China Philharmonic Orchestra

Source:Global Times Published: 2010-4-26 16:45:39

CPO performing at Paul VI Audience Hall at the Vatican in honor of Pope Benedict VIX in 2008. Photo: CFP

By Xing Daiqi

The Beijing audience sat spellbound last night as principal conductor Yu Long and internationally-renowned pianist Lang Lang opened a series of celebratory concerts to usher in the 10th year of the China Philharmonic Orchestra (CPO).

The orchestra featured Tannhauser Overture by Richard Wagner and Brahm's Piano Quartet in G minor, two pieces that were performed at CPO's inaugural concert 10 years ago.

The night also saw the China premiere of Erhuang, a piano and orchestral concerto by Chinese composer Chen Qigang. "This arrangement shows the long time commitment of CPO to the promotion of classical music as well as new Chinese composition and musicians over the past decade," Yu explained.

Voted as one of the world's 10 most inspiring orchestras by Gramophone magazine last year alongside Berlin Philharmonic and London Symphony, CPO made its mark on the world stage "for almost single-handedly bringing Western classical music to the ears and hearts of a vast nation, for whom it had been forbidden for decades," according to the consulting jury of Gramophone.

Founded in Beijing on May 25, 2000, in a bid to establish a world-class symphony orchestra in China, CPO was based on the previous China Broadcasting Symphony Orchestra and Yu Long was appointed Artistic Director and Principal Conductor of CPO for his outstanding administration and conducting caliber, as well as his extensive network in the Western classical world, according to CPO Deputy Director Li Nan.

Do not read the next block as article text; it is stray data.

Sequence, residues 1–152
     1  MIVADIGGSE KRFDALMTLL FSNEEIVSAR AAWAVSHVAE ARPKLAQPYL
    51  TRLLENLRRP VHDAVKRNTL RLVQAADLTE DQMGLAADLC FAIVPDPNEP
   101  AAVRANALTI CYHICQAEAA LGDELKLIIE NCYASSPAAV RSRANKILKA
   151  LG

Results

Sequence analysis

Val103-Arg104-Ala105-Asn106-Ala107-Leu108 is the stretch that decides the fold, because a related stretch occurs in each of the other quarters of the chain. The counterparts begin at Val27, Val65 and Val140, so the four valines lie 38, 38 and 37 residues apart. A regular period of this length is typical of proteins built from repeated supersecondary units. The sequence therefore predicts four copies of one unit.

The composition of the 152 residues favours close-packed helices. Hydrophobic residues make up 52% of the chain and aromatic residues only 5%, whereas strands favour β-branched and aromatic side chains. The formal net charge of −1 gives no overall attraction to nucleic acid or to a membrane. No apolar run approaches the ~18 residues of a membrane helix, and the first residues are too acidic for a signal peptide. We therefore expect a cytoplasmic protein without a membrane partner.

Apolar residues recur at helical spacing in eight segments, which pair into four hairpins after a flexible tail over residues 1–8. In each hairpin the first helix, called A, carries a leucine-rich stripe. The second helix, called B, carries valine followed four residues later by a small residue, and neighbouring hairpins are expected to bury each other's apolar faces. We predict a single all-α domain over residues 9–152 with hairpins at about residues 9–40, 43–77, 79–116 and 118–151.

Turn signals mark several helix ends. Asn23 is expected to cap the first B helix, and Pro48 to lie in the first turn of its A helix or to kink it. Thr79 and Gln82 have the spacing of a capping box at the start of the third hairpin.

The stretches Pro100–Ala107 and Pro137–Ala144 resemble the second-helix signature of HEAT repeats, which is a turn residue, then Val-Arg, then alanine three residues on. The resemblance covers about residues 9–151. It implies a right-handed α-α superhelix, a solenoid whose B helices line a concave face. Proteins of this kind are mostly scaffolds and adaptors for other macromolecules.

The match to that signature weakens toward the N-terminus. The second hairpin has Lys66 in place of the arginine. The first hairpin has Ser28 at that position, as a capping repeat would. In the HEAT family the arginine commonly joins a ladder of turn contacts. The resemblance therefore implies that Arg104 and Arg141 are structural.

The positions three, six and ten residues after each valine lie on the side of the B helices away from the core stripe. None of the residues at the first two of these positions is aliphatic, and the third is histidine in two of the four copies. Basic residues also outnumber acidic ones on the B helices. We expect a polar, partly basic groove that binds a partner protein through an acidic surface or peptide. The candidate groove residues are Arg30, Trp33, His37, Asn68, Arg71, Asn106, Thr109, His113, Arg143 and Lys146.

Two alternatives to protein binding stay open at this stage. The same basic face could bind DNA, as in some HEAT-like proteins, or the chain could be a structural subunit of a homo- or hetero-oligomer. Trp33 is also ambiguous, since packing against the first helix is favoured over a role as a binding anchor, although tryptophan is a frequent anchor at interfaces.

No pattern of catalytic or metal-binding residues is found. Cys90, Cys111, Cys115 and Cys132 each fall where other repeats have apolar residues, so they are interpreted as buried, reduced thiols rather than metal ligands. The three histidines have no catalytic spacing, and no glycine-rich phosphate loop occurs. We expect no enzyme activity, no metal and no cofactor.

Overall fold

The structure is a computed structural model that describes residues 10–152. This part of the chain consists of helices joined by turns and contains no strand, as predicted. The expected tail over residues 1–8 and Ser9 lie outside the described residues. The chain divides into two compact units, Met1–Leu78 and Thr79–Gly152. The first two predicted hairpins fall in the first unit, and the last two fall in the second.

As one of China's most distinguished conductors and music activists, Yu has appeared with a prestigious list of leading orchestras and opera companies throughout the world, including the Philadelphia Orchestra and Rundfunk-Sinfonieorchester Berlin.

"In the early 90's when I returned from abroad and started to conduct the New Year's concert in China, symphonic music was still in an embryonic stage," Yu recalled. "For most Chinese people, attending a New Year's concert was the only chance to appreciate classical music."

CPO was the first Chinese orchestra to have all of its performers recruited publicly with open auditions. "The measure brings a sense of challenge and pressure to the orchestra as well as a new vitality," he added.

At the orchestra's inception, the then 56-year-old Ma Ying was principal violinist with China Central Symphony Orchestra when he auditioned for CPO. As with many established artists, the reason he chose CPO was to "establish a world-class orchestra in China, to draw a perfect conclusion to his musical career."

Over the past decade, the orchestra has performed an extensive repertoire of 500 pieces, covering a wide array of music styles, including symphonies, chamber music, opera scores and contemporary music. The orchestra has also collaborated with musical great like Krzysztof Penderecki, Vladimir Ashkenazy, Placido Domingo and Cheryl Studer.